I started to listen to Glass Sword, but found that I had very little recollection of the first book (which has been happening to me lately—guess I’m getting old), so I went back and did a quick re-listen to Red Queen. I was really glad I did because it established the relationships so much more in my mind.

This book picks up exactly where Red Queen left off—Maven is now king (after Elara forced Cal to kill his own father) and Cal and Mare are on the run, along with her brother, Kilorn, Farley and others in The Scarlet Guard. This installment focuses on Mare attempting to gather the “New Bloods” as they call them—Reds with abilities. But the road is not smooth and Mare finds herself falling at odds with many of the people who have stood beside her as she becomes more and more brutally focused on her goal.

I really enjoyed this book, but I did feel like it had a little bit of a middle book feel to it—where it was all just leading us to the final book in the series and didn’t stand on its own as well. It was necessary because Mare changes a lot in this book (not completely for the good), but I kept waiting for something to really happen with the plot and that doesn’t happen until almost the very end. And then there’s a cliffhanger. Good thing I don’t have to wait long for the next book!

The Narration: I enjoyed the narration for this book and thought Amanda Dolan did a fantastic job. I would definitely be happy to listen to other audiobooks narrated by her.

Bite-Sized Reviews of the Rest of the Books I Read in 2016 (Including The Beauty of Darkness and Glass Sword)Cruel Crown by Victoria Aveyard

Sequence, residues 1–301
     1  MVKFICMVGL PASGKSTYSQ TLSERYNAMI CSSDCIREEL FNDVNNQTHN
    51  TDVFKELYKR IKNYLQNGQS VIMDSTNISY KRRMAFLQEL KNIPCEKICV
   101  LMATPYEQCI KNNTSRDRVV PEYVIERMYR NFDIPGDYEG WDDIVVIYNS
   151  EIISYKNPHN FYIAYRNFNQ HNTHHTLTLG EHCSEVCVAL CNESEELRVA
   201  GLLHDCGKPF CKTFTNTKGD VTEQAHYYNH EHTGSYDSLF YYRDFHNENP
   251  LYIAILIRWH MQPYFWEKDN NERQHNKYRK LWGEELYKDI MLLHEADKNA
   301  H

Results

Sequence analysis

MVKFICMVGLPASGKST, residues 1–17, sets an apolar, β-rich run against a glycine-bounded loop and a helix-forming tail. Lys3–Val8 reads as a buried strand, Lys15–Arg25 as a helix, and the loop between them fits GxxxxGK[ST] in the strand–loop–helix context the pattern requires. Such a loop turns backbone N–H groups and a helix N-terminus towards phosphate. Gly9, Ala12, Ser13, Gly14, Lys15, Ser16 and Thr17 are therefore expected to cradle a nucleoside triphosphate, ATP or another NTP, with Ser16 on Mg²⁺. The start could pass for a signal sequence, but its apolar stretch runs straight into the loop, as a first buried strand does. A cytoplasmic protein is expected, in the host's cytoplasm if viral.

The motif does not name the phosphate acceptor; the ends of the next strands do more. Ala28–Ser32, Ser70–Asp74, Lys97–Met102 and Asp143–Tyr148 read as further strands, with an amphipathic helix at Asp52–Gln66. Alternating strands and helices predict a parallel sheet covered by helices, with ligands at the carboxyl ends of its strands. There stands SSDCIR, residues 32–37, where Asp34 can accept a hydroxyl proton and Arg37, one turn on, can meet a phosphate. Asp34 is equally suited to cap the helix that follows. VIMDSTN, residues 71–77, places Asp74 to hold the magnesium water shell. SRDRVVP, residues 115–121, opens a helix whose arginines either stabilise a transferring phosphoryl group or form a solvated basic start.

Published by HarperTeen on January 5th, 2016
Genres: Young Adult, Fantasy
Pages: 142
Source: Library
My content rating: YA (Some violence)

Two women on either side of the Silver and Red divide tell the stories no one else knows.

Discover the truth of Norta’s bloody past in these two revealing prequels to #1 New York Times bestseller Red Queen.

Queen Song
Queen Coriane, first wife of King Tiberias, keeps a secret diary—how else can she ensure that no one at the palace will use her thoughts against her? Coriane recounts her heady courtship with the crown prince, the birth of a new prince, Cal, and the potentially deadly challenges that lay ahead for her in royal life.

Steel Scars
Diana Farley was raised to be strong, but being tasked with planting the seeds of rebellion in Norta is a tougher job than expected. As she travels the land recruiting black market traders, smugglers, and extremists for her first attempt at an attack on the capital, she stumbles upon a connection that may prove to be the key to the entire operation—Mare Barrow.


I got these on audio from the library and they were worth the listen, but nothing too essential to the story, and I enjoyed Queen’s Song a lot more than Steel Scars.

QUEEN SONG: This one gives us some background on Cal’s mother. It tells us how she fell in love with the king and her slow descent into fear and doubt. It was interesting to see how Elara slowly picked away at Coriane’s sanity and made her doubt herself. I’d give it 4 stars.

STEEL SCARS: I wasn’t nearly as interested in this one. In fact, I think I might have dozed off a little toward the end, but I’m not motivated enough to go back and see if I missed anything. I DID like the parts that involved Shade Barrow, but everything else was a bit boring, honestly. I wouldn’t bother with this one unless you’re really intrigued by Farley. I only give this one 2 stars.

The Narration: I was happy with the narration for both of these. The narrator for Steel Scars uses a British accent, since Farley has a Lakeland accent and a few of the other characters sound almost Irish or Scottish.

Bite-Sized Reviews of the Rest of the Books I Read in 2016 (Including The Beauty of Darkness and Glass Sword)Bone Gap by Laura Ruby
on March 3rd, 2015
Genres: Young Adult, Magical Realism
Pages: 373
Source: Purchased
My content rating: YA (Characters have sex, Abuse implied)
My rating:
4 Stars